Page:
“At least 7 dead and 48 wounded in terror attack and Mayor of London says there is ‘no reason to be alarmed!’ ” Trump tweeted on Sunday morning. On Monday, after Khan had pushed back via a spokesperson, Trump jabbed again, saying “Pathetic excuse by London Mayor Sadiq Khan who had to think fast on his ‘no reason to be alarmed’ statement. MSM is working hard to sell it!”

The president’s tweets made news on both sides of the Atlantic. A British Labour Party MP, David Lammy, called Trump “a troll” and said he was demeaning the office of the president. British prime minister Theresa May defended Khan’s conduct, despite the fact that the two are members of rival parties in Thursday’s general election.

In the U.S., progressives complained that the president was diminishing America’s reputation. Democratic pollster Cornell Belcher asserted on Twitter that Trump’s “inability to behave like an adult” on the world stage was “diminishing our global standing, alienating us from allies & thus making us less safe.”

Some Democratic strategists, as well as some polling experts, have also insisted that Trump’s base is not so monolithic or unyielding as it is sometimes portrayed.

His approval ratings have gotten significantly worse over the period since his inauguration. Many more Americans now disapprove of Trump’s performance than approve — 54.4 percent to 39.7 percent, according to the RealClearPolitics polling average. The earliest days of Trump’s presidency had about the same number of people approving and disapproving.

Polling expert Nate Silver has also highlighted a sharp drop in the number of people “strongly approving” of Trump, which he takes to be a sign that the president’s base is, in fact, eroding.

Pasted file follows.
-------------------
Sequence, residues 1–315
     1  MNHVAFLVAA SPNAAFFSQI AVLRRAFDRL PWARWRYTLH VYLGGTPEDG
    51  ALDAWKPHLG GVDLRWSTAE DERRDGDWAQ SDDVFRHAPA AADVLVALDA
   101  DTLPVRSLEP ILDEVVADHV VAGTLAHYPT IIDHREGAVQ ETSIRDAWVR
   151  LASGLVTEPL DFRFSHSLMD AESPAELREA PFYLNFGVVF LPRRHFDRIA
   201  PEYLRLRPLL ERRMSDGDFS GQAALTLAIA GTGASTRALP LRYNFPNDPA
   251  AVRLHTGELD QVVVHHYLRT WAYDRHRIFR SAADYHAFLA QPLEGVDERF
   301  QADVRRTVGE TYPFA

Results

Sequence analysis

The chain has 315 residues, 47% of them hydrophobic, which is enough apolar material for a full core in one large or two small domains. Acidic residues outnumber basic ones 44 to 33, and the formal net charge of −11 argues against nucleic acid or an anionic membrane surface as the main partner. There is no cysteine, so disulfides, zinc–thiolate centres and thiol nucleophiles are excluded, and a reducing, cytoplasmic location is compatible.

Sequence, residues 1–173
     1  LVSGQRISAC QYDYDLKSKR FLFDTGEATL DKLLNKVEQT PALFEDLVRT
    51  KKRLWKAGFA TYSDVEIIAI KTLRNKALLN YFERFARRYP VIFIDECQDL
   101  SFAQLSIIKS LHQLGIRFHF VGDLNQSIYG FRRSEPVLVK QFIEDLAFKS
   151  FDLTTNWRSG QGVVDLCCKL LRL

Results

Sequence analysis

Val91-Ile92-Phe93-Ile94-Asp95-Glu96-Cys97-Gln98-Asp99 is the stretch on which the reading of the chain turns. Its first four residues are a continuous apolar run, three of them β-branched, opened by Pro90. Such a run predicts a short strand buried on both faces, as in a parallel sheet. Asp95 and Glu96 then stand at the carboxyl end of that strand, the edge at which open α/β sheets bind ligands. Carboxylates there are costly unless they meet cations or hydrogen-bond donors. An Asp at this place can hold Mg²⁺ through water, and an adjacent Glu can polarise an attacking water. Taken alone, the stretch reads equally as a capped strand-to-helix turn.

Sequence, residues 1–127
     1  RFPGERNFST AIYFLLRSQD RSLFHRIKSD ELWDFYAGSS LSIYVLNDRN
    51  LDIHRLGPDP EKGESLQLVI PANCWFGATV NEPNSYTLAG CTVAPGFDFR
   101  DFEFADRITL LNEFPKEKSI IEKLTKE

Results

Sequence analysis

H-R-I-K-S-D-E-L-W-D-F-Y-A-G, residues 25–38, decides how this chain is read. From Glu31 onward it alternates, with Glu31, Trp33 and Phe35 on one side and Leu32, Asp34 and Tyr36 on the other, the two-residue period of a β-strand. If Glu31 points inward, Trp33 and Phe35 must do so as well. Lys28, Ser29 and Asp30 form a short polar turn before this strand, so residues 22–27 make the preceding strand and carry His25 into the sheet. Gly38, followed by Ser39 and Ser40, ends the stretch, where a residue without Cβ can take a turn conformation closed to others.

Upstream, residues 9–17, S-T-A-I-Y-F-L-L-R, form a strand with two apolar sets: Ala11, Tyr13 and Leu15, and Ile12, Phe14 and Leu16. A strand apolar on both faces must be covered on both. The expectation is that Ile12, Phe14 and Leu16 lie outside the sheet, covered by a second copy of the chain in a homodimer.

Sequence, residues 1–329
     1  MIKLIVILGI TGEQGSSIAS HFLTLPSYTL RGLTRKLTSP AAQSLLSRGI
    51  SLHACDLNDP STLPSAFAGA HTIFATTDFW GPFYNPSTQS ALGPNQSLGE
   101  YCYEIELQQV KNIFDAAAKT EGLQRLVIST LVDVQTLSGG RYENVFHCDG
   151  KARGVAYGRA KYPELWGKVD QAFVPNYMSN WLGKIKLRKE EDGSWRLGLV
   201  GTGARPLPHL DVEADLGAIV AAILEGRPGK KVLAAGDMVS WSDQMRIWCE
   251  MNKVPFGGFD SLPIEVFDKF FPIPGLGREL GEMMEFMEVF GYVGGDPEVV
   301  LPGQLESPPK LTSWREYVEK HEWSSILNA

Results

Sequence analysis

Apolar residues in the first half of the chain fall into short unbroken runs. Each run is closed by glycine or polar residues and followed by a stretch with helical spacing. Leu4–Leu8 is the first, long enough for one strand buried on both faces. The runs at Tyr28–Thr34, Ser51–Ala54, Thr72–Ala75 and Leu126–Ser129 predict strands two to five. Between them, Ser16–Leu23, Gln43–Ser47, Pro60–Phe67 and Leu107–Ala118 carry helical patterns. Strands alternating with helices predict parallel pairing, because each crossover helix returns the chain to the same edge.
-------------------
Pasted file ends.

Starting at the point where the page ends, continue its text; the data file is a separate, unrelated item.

“Good reporting needs to be able to distinguish between Trump's Bannonist base (20-25% of the country) and all Trump voters (46%),” Silver tweeted on Monday.

That seepage of support is very unlikely to have one cause. Trump’s presidency has been hit by a succession of storms, including allegations of nefarious links with Russia, persistent staff in-fighting and slow progress on his legislative agenda.

His White House could face one of its most potent threats yet on Thursday when James Comey, the FBI director whom Trump fired, testifies before the Senate Intelligence Committee. 

Comey reportedly believes Trump tried to dissuade him from continuing his investigation into Michael Flynn, the former national security advisor. If true, such behavior would raise the specter of obstruction of justice.

Interest in Comey’s testimony may overwhelm the most recent controversy over Trump’s tweets. 

According to Democrats, Trump’s tweets are part of a larger picture.

“We are seeing impulsiveness not just in communications, like tweets, but in policy — like walking away from the Paris Accord,” said Democratic strategist Tad Devine. “I think those things do hurt him. Many people are disapproving now, and if a little more peel away, then the top-line number keeps coming down pretty fast.”

Referring to Trump’s base of support, Devine added, “It is not as rock solid as many people seem to think it is. It could go lower pretty quick.”

But when it comes to Twitter, at least, the president is not for turning. 

“I think social media for the President is extremely important,” principal deputy press secretary Sarah Sanders said at Monday’s White House media briefing. “It gives him the ability to speak directly to the people without the bias of the media filtering those types of communications.”

The Memo is a reported column by Niall Stanage, primarily focused on Donald Trump’s presidency.